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Why Throw Out Healthy Plants?
Plenty of gardeners place their houseplants outdoors for the summer and enjoy them indoors the rest of the year. So why not try a similar strategy—and save a little money while you’re at it—by bringing your favorite cold tender plants inside when the temperature drops so they’ll be ready to shine again when summer rolls around?
Before you bring your outdoor plants in for the winter, you’ll need to do a bit of preparation. Start by inspecting them for pests and treating, if necessary. Repot if a plant needs it, and cut down on (or eliminate) fertilizing. Some plants can simply be brought indoors as houseplants, others should be forced into dormancy for a few months of cool storage, and still others are best kept going by making rooted cuttings. Read on to learn about 10 popular cold tender plants that you can bring inside each winter and then continue to enjoy outside for many summers to come.
While some palm trees are hardy in the winters of the Deep South, most palms should be overwintered inside. Do not leave them exposed to freezing weather. When overnight temperatures drop to the 50s, move palms to an indoor location that gets lots of light. Water them regularly to keep the soil moist until spring, and carry them back outdoors after all danger of frost has passed.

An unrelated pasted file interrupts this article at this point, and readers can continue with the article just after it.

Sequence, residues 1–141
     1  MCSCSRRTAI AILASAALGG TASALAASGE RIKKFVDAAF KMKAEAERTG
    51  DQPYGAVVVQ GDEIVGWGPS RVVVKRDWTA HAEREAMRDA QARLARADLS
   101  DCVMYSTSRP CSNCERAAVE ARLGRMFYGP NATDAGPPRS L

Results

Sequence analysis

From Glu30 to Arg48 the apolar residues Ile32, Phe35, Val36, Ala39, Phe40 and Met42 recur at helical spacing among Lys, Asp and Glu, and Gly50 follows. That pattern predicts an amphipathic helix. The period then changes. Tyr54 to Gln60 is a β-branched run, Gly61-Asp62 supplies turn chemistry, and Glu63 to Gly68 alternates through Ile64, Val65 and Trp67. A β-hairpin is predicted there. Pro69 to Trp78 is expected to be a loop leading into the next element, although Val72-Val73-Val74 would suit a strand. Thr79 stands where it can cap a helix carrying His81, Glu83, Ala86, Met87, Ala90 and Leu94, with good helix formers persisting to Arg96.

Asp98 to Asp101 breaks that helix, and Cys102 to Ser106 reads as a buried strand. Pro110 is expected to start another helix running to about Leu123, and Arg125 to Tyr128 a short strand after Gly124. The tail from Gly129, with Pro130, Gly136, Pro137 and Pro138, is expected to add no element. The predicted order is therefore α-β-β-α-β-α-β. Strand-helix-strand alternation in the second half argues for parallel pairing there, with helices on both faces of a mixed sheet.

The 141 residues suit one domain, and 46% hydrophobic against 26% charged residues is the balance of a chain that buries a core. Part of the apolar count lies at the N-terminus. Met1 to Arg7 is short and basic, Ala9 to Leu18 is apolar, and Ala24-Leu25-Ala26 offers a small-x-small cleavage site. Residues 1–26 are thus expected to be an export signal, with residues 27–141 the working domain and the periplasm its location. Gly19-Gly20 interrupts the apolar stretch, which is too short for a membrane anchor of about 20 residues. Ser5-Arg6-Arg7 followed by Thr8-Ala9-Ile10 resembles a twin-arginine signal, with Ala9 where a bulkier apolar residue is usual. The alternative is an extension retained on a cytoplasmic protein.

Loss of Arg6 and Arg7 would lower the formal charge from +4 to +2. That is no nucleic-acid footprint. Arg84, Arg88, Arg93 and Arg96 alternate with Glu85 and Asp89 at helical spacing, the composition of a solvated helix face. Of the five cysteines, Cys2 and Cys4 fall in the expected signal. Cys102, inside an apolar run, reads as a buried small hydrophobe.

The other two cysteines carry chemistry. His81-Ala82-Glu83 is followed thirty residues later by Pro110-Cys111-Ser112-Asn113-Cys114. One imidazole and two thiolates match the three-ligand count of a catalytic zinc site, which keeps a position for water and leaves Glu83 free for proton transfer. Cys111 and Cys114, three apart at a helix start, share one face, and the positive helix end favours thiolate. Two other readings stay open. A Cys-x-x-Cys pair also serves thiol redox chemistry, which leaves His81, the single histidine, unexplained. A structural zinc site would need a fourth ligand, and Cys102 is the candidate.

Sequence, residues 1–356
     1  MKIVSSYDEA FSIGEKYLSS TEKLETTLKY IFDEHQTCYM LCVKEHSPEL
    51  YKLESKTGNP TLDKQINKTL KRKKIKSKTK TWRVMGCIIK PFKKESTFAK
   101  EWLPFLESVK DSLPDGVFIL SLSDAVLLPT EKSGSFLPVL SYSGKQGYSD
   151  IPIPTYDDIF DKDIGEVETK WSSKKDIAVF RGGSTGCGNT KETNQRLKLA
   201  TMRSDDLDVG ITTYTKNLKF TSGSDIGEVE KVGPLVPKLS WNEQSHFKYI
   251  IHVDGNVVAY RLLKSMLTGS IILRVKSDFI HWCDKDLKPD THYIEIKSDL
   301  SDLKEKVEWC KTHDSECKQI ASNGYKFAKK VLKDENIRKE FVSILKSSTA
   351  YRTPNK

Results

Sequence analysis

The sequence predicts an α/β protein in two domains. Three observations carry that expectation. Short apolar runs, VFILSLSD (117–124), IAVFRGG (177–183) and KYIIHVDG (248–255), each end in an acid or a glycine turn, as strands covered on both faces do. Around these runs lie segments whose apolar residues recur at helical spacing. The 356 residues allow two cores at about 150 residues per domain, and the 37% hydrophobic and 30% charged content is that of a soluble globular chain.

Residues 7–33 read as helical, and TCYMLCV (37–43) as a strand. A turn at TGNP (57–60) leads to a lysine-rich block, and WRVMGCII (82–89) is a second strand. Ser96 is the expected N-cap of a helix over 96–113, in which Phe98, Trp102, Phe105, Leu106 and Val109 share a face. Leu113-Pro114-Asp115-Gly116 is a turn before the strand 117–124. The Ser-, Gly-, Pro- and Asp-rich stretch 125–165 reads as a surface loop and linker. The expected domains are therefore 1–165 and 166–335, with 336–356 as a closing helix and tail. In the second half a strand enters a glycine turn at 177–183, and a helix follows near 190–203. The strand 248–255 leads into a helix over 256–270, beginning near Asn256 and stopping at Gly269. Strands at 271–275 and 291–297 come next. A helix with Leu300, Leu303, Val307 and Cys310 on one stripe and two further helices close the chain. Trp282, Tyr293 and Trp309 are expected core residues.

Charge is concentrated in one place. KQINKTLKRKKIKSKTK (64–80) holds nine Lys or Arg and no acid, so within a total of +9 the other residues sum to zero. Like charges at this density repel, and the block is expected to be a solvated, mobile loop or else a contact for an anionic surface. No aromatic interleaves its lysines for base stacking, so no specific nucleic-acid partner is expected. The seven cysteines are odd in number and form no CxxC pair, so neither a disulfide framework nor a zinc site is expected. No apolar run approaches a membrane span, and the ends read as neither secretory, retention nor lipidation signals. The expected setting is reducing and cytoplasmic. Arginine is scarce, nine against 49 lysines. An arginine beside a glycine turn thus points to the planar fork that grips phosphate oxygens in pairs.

Leave cacti and succulents outdoors as late into the season as possible so that the combination of shorter days and cooler nights will stimulate a dormancy response. You’ll need to keep an eye on the thermometer and know the low temperature threshold for your particular type of cactus. Some species may be able to withstand 20-degree temperatures, but others cannot. In general, cacti do best in a cool, even unheated, bright location with minimal water. Transition them back outside in early spring.
Move tropical hibiscus plants indoors when overnight temperatures reach the low 50s. Place them in a brightly lit room, and treat them like regular houseplants. Keep the soil moist but not saturated, and feed them regularly. Try to avoid heat vents and cold drafts, and put the plants on a pebble tray to boost the ambient humidity, if necessary. Prune tropical hibiscus three times during late fall and winter (October, December, and February) to maintain the shape.
Click on the link below to see 7 more plants.
Article by Mark Wolfe for bobvila©